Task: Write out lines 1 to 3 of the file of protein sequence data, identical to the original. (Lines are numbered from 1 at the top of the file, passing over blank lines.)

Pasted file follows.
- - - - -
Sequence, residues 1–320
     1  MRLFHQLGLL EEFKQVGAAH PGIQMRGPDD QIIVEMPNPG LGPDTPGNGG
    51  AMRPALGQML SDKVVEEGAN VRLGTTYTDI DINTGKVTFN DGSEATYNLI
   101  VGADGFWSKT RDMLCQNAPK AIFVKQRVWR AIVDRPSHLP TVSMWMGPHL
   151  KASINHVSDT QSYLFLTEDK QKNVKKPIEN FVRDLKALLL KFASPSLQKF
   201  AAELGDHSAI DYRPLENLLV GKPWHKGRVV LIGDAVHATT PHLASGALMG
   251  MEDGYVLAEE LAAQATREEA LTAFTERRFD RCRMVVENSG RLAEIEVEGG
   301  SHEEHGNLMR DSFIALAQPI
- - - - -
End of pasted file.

Sequence, residues 1–320
     1  MRLFHQLGLL EEFKQVGAAH PGIQMRGPDD QIIVEMPNPG LGPDTPGNGG
    51  AMRPALGQML SDKVVEEGAN VRLGTTYTDI DINTGKVTFN DGSEATYNLI